Mike O'Grady is putting his horticultural know-how to good use and the community is tasting the benefits.
The Grey Lynn resident moved to his current shared lodgings two years ago and when the manager declined his request to create a garden, he went ahead and did it anyway.
Now the blooming garden supplies vegetables for a weekly community lunch provided by the People of Auckland Community Trust.
Up to 80 people attend each week, most of whom are homeless.
Having spent more than 20 years in prison, the "naughty boy turned good" is pleased he can give something back to his community.
"I'm feeding 80 people out of the garden. It feels good to give something to somebody, instead of taking," the keen gardener says.
Created on a tarseal driveway at the back of the lodge, he hauled compost up a steep bank for weeks with only a fish bin.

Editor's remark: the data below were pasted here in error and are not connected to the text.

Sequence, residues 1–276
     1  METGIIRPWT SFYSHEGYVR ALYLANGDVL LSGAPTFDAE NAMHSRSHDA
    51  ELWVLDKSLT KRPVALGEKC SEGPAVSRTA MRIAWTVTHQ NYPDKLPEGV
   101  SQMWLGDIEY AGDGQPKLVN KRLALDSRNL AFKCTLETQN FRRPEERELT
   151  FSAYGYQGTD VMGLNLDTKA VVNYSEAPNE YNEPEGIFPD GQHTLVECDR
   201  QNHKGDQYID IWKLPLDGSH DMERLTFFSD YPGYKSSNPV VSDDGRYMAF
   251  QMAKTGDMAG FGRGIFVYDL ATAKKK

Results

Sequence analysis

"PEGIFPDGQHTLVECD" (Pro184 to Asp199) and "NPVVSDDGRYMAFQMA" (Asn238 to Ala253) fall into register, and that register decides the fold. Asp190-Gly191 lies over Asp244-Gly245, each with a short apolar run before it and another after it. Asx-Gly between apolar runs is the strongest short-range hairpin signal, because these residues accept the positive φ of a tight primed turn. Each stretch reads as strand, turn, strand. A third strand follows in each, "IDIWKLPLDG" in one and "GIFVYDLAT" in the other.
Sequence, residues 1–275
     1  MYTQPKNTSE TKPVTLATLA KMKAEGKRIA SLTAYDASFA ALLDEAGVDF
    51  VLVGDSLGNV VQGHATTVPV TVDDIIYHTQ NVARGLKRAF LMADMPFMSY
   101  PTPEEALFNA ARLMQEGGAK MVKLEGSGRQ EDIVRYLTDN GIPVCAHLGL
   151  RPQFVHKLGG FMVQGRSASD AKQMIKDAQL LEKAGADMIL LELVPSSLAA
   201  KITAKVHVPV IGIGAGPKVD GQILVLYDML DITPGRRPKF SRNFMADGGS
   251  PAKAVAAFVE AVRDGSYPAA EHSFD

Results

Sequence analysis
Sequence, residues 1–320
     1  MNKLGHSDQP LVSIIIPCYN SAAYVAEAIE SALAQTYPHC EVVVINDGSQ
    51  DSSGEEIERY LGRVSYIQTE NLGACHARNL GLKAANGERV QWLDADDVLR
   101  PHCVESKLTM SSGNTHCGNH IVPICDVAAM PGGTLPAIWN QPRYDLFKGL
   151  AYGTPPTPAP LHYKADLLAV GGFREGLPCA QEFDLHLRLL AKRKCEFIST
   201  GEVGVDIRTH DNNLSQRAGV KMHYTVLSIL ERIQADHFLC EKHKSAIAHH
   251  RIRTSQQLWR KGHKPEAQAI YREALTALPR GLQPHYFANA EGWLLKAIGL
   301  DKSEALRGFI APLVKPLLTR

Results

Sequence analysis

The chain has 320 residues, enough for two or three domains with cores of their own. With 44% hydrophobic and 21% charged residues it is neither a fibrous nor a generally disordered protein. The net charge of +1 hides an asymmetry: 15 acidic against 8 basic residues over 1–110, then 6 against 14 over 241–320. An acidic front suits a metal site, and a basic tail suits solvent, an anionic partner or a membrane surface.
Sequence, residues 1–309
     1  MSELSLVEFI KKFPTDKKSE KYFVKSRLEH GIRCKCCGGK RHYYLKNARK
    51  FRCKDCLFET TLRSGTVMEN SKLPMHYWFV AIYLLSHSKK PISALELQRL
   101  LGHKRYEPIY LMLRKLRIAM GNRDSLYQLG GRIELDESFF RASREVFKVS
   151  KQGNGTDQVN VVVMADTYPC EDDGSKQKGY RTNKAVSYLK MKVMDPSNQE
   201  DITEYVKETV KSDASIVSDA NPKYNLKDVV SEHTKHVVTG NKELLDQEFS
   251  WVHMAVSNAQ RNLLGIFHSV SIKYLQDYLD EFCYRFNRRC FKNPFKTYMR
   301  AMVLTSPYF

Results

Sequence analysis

The garden spans three layers and produces a mass supply of produce including tomatoes, capsicums, pumpkins, butternuts and watermelons.
Mr O'Grady says he gets heaps of satisfaction from giving something to others.
"It feels good to be able to do something for somebody less privileged than myself. When you're going out the back door you seem to get a different view of life."
As well as feeding the community every week, the fully trained gardener also provides vegetables to residents in the lodge, a nearby pensioners' home and next-door neighbours.
Mr O'Grady appreciates the help he received himself from the trust.
"I have cancer. I couldn't get out of bed for three or four weeks at a time and they brought me food and things.
"They have a good outlook. They do good things."
People of Auckland Community Trust manager Wade Gadsby says Mr O'Grady's efforts have been impressive.
"It's inspiring to see others being inspired to give something back."
- © Fairfax NZ News
Have the new speed limit rules made you change your driving habits?